Poloniex, the United States-based digital currency exchange, was in the news recently for disabling the trading services of nine crypto-assets. Following the delisting, Jeremy Allaire, the CEO of Circle, a leading payment platform which acquired Poloniex, criticized the lack of legal clarity with respect to cryptocurrencies in the US.
Gus Coldebella, the Chief Legal Officer of Circle, had previously tweeted that every legal team trying to protect US crypto firms were struggling to make “sound decisions” in light of the latest SEC guidance. He also clarified that geo-fencing assets in the country was their way of responding to the country’s uncertain regulatory scenario.
Frances Coppola, a senior contributor at Forbes, took a jibe at the official and responded,
“Oh look, chief legal officer of a crypto exchange wants new laws so crypto assets aren’t subject to the same restrictions as securities. Because of course the reasons why people need protection from fraudulent securities offerings don’t ever apply to crypto assets, do they?”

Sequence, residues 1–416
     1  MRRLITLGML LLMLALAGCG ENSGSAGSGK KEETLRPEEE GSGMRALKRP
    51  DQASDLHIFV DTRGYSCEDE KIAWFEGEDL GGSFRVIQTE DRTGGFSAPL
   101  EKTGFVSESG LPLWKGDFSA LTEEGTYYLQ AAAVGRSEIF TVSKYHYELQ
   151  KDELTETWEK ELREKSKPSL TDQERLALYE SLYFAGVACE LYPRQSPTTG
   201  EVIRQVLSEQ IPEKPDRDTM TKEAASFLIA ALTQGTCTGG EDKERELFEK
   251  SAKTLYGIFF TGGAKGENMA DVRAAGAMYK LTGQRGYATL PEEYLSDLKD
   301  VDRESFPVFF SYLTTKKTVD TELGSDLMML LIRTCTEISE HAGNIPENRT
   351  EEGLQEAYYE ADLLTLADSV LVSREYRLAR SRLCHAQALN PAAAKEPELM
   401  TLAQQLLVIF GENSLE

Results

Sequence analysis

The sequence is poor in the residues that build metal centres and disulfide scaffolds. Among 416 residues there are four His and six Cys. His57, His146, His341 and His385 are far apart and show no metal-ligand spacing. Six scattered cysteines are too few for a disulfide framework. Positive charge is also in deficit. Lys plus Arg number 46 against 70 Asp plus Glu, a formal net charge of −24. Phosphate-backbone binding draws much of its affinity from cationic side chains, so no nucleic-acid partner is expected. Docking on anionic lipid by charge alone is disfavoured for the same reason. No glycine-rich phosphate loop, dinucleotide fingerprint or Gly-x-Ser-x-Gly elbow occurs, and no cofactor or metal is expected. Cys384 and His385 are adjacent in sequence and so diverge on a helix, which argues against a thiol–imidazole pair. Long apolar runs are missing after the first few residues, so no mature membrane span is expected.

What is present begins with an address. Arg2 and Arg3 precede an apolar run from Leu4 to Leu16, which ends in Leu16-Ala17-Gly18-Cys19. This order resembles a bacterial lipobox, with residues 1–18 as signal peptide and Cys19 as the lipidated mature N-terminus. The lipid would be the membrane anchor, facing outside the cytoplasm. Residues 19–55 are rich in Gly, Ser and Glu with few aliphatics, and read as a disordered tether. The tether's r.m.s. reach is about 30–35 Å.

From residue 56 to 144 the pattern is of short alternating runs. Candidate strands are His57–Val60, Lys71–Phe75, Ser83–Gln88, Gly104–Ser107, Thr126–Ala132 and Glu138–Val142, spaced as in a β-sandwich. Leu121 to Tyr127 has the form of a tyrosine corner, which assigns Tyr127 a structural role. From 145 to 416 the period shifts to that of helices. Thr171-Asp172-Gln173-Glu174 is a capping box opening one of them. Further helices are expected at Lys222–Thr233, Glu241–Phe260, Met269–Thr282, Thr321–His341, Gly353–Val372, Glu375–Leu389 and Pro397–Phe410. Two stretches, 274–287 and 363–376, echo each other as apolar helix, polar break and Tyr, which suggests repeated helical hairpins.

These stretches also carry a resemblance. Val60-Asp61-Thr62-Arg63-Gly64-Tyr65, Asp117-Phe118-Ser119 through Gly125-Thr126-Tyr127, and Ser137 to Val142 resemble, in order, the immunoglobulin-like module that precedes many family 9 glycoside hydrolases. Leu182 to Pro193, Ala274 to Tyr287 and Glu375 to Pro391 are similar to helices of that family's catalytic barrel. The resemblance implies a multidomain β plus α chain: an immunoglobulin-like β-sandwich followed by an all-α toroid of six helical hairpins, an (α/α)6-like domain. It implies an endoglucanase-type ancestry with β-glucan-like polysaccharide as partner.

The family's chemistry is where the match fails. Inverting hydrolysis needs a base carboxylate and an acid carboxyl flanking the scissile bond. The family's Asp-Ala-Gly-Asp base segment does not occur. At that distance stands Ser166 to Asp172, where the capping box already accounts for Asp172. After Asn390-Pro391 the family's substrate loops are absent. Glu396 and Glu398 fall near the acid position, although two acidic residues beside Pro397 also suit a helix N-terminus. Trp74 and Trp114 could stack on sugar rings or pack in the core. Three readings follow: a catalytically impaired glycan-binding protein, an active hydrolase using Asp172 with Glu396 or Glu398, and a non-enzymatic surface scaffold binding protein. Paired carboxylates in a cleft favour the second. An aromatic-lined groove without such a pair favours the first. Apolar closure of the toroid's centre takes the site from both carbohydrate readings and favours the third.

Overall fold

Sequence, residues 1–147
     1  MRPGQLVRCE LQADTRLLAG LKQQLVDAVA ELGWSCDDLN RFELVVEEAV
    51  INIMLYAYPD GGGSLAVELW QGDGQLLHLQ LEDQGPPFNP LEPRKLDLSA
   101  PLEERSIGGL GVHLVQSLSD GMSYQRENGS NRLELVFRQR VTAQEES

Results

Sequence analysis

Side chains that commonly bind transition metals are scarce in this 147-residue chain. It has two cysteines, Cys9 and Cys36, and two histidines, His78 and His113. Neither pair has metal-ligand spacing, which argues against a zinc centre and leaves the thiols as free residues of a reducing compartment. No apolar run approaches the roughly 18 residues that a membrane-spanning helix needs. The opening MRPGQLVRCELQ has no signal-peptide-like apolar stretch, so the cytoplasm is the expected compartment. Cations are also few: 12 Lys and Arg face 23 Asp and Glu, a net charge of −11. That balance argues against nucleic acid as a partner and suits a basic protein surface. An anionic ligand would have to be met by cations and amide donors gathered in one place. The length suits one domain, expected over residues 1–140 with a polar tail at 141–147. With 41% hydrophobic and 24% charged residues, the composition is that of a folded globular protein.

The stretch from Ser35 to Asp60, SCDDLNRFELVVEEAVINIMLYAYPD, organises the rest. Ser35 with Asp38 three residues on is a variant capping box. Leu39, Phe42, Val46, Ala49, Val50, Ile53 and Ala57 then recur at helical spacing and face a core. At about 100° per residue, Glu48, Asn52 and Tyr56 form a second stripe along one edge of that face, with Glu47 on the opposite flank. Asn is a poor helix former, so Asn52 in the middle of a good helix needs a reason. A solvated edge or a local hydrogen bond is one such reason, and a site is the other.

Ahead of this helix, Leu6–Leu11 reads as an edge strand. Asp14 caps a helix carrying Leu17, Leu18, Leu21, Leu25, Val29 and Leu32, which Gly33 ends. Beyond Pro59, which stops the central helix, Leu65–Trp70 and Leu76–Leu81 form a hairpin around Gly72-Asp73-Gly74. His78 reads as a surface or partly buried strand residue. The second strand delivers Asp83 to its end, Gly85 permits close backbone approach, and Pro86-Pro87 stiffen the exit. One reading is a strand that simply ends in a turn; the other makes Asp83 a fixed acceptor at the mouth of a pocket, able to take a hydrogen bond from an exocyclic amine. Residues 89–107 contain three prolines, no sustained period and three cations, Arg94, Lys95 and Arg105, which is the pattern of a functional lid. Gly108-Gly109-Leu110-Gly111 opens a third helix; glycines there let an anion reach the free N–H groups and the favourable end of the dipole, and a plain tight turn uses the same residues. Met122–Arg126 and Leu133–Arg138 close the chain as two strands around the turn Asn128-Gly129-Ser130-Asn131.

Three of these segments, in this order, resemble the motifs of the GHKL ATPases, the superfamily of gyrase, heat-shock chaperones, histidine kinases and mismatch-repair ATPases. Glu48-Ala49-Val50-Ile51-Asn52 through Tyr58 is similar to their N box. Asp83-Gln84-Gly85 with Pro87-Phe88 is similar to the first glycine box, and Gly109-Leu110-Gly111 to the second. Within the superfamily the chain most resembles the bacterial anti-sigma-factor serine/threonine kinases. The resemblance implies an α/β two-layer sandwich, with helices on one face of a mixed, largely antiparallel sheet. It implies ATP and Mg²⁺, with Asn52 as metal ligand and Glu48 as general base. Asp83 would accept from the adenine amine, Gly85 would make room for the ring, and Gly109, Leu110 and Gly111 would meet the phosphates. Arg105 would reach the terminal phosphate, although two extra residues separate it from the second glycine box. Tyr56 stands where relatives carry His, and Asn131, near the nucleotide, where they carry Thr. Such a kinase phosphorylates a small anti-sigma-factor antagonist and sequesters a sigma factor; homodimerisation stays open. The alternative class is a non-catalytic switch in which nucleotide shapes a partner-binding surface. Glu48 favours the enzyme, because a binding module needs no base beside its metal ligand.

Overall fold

The Chief Legal Officer of the firm had previously emphasized the need for a change in the United States’ crypto policies and a proper framework that would provide crypto-businesses and users with legal clarity and certainty. He had revealed that Circle was “actively advocating” an approach to determine the nature of digital assets, within the boundaries of existing regulations.
Terming the laws as being inadequate to address the issues around crypto-assets, Coldebella stated that the SEC guidance wasn’t easy to interpret as digital assets did not qualify within the established categories. He further added that the guidance was tough to apply and rely on, and stated,
“Without congressional action, the SEC is forced to rely on 85-year-old laws and 73-year-old court cases to develop guidance about which digital assets might be considered securities.”
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